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Friday’s religion wrap

The Journey team selects stories that got us talking this week.   

Rocky road ahead for Godly licence plate?  

CBN News reports on the controversial religious licence plates the American state of Mississippi is planning to distribute this year. In 2014 Republican Governor Phil Bryant signed legislation to add the motto “In God We Trust” to the state seal and in May 2018 announced the state seal featuring the phrase would adorn licence plates issued by the state.

Predictably this hasn’t gone unnoticed by those concerned about the separation of church and state with the American Humanist Association declaring the move “unconstitutional”.

“The problem, obviously, is that many individuals do not believe in a God, let alone trust in her, her, or it,” stated the American Humanist Association. “Thus, to create a standard licence plate that displays that phrase, with no alternative at an equal cost that avoids such a statement, unconstitutionally endorses religion.”

New Year’s Eve service goes off with a bang

The Christian Post has news of a lucky escape for a Texan pastor who was ministering on New Year’s Eve when a stray bullet narrowly missed him. Evan Risher was leading a worship for the new year late on 31 December when he “heard something that sounded almost like a whirlwind coming from the ceiling of his new church”.

Congregants left the service and the pastor’s guards were quick to rush him from the scene, only to later find a bullet onstage; the .40 caliber had gone through the roof and landed approximately two feet from the pastor.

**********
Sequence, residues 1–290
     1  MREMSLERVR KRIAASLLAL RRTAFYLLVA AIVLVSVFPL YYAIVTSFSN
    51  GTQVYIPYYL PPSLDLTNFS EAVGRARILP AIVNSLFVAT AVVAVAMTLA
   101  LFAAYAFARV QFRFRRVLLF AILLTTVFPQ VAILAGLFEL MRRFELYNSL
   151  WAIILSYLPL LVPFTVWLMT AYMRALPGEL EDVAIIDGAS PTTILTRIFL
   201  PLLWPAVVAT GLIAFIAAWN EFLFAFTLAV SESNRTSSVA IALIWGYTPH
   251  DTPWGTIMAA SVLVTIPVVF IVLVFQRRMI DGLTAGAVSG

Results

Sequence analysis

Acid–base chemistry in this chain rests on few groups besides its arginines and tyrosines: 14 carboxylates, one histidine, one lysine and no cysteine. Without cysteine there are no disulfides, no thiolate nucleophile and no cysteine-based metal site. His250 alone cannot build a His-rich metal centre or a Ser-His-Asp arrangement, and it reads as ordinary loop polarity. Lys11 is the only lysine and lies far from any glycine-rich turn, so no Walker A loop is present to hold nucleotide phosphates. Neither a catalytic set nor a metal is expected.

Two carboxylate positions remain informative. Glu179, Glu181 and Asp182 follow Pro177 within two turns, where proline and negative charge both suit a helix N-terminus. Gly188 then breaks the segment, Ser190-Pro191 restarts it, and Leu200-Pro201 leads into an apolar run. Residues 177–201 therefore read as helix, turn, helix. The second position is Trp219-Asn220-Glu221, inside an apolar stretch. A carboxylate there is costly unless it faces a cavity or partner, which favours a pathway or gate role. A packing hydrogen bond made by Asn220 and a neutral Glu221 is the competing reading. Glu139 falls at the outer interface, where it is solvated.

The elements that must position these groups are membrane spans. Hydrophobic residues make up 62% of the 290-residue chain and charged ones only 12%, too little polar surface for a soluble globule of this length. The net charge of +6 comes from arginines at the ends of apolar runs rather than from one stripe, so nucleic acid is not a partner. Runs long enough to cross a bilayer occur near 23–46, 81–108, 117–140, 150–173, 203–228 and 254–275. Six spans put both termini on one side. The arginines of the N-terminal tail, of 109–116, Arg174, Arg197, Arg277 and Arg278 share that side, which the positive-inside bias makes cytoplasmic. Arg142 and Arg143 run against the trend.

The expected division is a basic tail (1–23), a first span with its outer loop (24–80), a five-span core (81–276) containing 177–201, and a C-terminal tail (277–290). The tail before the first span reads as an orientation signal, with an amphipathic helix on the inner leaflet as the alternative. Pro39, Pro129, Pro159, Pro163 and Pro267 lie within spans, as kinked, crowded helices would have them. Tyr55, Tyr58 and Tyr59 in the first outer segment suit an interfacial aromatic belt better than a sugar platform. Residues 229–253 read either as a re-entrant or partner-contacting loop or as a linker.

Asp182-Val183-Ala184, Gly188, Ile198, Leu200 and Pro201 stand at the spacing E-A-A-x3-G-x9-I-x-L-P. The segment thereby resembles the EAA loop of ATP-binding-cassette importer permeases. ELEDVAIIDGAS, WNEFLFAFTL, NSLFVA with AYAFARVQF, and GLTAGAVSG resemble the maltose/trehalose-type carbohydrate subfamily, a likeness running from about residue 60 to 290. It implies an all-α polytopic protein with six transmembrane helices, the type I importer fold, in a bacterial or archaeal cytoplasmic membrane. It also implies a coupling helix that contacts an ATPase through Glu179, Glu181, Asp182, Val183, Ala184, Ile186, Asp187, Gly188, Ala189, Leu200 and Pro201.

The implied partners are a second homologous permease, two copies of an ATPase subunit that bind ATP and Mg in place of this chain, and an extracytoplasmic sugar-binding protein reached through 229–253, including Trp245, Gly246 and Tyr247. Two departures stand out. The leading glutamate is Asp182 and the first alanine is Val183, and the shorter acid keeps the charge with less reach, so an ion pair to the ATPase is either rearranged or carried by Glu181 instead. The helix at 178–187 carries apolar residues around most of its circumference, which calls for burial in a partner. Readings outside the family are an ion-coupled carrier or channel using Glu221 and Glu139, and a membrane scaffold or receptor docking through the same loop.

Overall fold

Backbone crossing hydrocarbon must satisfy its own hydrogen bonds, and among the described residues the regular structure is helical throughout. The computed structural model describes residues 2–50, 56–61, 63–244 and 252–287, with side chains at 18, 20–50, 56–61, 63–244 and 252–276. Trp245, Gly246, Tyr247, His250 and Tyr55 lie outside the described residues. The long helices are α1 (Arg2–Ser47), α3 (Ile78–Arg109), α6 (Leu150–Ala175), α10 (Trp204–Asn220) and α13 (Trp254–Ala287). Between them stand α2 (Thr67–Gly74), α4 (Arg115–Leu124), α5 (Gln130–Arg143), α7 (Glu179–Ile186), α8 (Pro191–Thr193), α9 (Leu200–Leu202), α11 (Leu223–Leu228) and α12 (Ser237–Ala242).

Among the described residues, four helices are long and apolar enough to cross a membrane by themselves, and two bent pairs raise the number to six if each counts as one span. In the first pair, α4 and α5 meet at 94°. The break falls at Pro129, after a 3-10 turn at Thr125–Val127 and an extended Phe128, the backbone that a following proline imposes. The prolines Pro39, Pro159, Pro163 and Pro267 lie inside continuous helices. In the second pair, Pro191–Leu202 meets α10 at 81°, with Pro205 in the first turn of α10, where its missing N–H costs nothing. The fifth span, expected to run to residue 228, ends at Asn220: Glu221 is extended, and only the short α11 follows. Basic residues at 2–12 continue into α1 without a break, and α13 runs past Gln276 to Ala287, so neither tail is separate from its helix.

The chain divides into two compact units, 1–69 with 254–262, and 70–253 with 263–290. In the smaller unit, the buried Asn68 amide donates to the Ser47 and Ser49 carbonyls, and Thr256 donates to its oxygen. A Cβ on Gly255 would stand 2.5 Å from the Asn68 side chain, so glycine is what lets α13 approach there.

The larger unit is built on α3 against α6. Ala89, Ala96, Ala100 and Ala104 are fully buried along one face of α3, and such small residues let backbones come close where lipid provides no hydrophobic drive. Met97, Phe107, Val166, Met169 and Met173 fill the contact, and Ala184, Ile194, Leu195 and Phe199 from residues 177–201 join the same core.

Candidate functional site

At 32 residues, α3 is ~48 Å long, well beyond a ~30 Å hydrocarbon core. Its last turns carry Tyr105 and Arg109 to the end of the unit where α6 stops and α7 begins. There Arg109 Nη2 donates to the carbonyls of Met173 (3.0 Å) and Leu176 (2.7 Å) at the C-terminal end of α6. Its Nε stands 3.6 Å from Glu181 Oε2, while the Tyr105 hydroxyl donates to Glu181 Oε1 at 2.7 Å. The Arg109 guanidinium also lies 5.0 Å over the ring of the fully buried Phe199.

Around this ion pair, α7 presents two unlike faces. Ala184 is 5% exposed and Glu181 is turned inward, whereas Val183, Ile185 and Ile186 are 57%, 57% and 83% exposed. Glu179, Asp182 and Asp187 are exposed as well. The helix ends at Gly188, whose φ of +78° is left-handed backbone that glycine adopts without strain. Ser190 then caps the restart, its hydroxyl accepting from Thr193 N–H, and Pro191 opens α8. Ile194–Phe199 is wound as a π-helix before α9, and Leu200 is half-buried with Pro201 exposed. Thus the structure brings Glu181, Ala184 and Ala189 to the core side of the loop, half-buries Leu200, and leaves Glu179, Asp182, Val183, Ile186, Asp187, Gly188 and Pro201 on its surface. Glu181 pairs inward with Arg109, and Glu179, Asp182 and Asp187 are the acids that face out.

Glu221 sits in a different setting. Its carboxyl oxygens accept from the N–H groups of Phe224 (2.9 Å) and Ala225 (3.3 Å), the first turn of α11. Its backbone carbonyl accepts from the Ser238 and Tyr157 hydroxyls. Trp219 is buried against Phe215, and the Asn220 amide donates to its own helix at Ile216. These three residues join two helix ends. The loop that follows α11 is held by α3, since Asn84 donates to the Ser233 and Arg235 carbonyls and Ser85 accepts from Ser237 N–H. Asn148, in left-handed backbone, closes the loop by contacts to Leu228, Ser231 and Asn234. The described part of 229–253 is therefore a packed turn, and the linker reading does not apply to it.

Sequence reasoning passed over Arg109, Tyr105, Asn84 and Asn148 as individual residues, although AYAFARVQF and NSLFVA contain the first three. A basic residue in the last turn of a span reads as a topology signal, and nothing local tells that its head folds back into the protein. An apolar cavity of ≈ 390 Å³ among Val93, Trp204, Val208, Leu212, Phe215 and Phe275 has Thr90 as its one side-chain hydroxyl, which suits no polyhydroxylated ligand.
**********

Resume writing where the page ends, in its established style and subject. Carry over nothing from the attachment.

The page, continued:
“I was speechless,” said Risher. “I was scared. It shook me, but it didn’t break me.”

Latest judgement on judge judging others

The Telegraph reports on the latest tribunal judgement involving a Christian judge who was fired for “serious misconduct” after he made public comments about gay adoption. Richard Page was dismissed after he stated that in his view it was in “a child’s best interests to be raised by a mother and a father” during a same-sex adoption case and later repeated that view during a BBC interview.

He began appeal proceedings against the termination arguing he was fired for expressing his personal opinion rather than the charge of “serious misconduct” and during a hearing held before Christmas a judge upheld his application ruling “judges can hold intolerant views that should be respected”.

Psychology explains our religious brains

The Independent reports on why people believe in God and they are quick to explain it upfront: “The quick and easy answer to why people are religious is that god—in whichever form you believe he/she/they take(s)—is real and people believe because they communicate with it and perceive evidence of its involvement in the world.”

In evolutionary terms the belief is that humans have created over time a “god-shaped hole” in our psychology as a “by-product of a number of cognitive and social adaptations which have been extremely important in human development”; this can also be thought of as a “metaphorical god engine” which drives belief in a god or gods.

The article also claims that human desires to anthropomorphise non-human things such as gods with similar human traits makes it easier for us to psychologically connect with them.   


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